Since you mention Kai Troester, I used his water spreadsheet to work through this example. For a 12 SRM beer and an infusion ratio of 1.8 qt/lb, it estimates a DI mash pH of 5.40. Adding 50 ppm Ca reduces that to 5.35. In this particular case, that's narrowly within the optimum range (5.3-5.8), but it certainly illustrates the point. For a darker beer, adding calcium salts without also adding alkalinity would drop the mash pH out of the optimum range.

Edit: Had to disable the 8) smiley.

2798
Ingredients / Re: RO water
« on: June 04, 2011, 06:12:12 PM »
[counter-example]

2799
Ingredients / Re: RO water
« on: June 04, 2011, 04:49:21 PM »
How about the stick of chalk I use on my blackboard?

I don't know how pure that would be. I bet if you go to the pharmacy you can find some antacid tablets that are 100% CaCO3.

There is no reason to carbonate/add chalk/baking soda to your brewing liquor.

There is if your water has no akalinity, like when you're starting with RO.

2800
Ingredients / Re: RO water
« on: June 04, 2011, 02:58:41 PM »
At a bare minimum, you could probably brew with the RO water and be OK. If you have chalk or baking soda I'd add some to keep the pH from getting too low. Assuming this is roughly a 10 SRM beer, I'd go with an RA of about 20-40 ppm CaCO3. Chalk would probably be best since you don't have any calcium in there to begin with.

2801
Ingredients / Re: Unusual Wood Alternatives to Oak
« on: June 04, 2011, 01:17:31 PM »
I aged a porter on some toasted hickory. It came out nice, a very mellow woody flavor.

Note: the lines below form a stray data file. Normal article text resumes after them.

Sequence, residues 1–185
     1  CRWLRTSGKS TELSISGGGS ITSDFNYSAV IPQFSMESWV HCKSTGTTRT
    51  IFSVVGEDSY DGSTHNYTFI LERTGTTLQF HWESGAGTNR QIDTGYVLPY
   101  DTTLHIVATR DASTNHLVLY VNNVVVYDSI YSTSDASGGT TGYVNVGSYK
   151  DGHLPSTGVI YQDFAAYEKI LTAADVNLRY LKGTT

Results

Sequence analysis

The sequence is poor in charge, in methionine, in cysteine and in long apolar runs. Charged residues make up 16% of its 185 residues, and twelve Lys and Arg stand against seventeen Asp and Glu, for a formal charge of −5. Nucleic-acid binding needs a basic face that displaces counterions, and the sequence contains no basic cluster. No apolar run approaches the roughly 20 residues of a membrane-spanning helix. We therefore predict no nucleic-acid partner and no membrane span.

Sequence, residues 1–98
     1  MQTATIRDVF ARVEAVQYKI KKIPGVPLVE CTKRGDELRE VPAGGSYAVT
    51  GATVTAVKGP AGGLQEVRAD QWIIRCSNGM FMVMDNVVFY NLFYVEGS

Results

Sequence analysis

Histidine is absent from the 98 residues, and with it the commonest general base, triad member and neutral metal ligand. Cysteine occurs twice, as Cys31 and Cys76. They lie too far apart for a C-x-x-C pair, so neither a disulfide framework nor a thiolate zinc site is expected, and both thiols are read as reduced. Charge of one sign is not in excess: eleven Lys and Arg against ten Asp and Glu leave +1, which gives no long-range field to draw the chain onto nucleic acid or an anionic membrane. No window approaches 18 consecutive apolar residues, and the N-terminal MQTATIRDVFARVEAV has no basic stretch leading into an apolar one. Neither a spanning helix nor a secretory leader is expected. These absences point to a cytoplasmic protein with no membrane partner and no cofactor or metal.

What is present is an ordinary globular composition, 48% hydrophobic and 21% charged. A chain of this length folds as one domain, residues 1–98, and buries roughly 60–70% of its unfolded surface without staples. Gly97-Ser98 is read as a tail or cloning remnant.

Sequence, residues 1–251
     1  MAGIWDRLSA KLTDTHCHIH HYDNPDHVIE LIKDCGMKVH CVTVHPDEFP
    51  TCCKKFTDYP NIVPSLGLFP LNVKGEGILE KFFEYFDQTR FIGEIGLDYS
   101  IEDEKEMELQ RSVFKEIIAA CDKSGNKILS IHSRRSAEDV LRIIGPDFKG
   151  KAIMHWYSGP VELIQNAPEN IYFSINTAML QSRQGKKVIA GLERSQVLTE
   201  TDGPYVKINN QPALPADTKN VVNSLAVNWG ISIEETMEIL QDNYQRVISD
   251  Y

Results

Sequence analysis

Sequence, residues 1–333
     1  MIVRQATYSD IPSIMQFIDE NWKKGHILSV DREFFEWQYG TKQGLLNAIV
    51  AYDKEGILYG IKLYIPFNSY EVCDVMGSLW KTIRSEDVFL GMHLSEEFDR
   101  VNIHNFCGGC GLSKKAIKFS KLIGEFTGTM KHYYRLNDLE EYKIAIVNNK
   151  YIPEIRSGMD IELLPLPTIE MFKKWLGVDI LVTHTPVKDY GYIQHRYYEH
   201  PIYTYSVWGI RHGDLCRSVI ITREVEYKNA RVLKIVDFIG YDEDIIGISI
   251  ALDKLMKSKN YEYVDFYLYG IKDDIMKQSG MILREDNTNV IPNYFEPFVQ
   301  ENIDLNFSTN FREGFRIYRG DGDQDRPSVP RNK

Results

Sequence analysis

2802
Equipment and Software / Re: Plato/Brix and Beersmith
« on: June 03, 2011, 12:39:03 PM »
If anyone using a refractometer hasn't seen/used the MoreBeer spreadsheet it seems to be pretty good!

That hasn't been my experience, but of course if it works for you that's all that matters.

2803
Equipment and Software / Re: Plato/Brix and Beersmith
« on: June 03, 2011, 11:32:03 AM »
when I switch measurements in Beersmith, the program tells me that the final gravity estimate much lower than the brix reading I am getting with the refactometer. Is this because Beersmith doesn't account for the alcohol but the spreadsheet does?

No, it's because the reading from the refractometer isn't the actual gravity in Brix/Plato. It's just an estimated SG based on an assumed relationship between the refractive index and the sugar content. When there's alcohol in solution, that assumption is no longer accurate.

http://seanterrill.com/2010/06/11/refractometer-estimates-of-final-gravity/

2804
The Pub / Re: Public Domain Beer/Wine/Brewing Books
« on: June 03, 2011, 01:49:44 AM »
Combrune -    1758 - An Essay on Brewing with a View of Establishing the Principles of the Art.pdf

I have a lithograph of this in the original French. It is by a wide margin the most valuable object I own.

2805
Beer Recipes / Re: Homebrew recipes from Deschutes
« on: June 01, 2011, 09:03:03 PM »
in the Inversion IPA they use Crystal and Caramel 60 Malt  ???  any insight?

I'd guess "Crystal" is a UK malt, since they typically use that naming convention (Crystal, Medium Crystal, Dark Crystal, Extra Dark Crystal, or something like that). So it's probably a 30-40 Lovibond malt, and the Caramel 60 is a domestic crystal malt.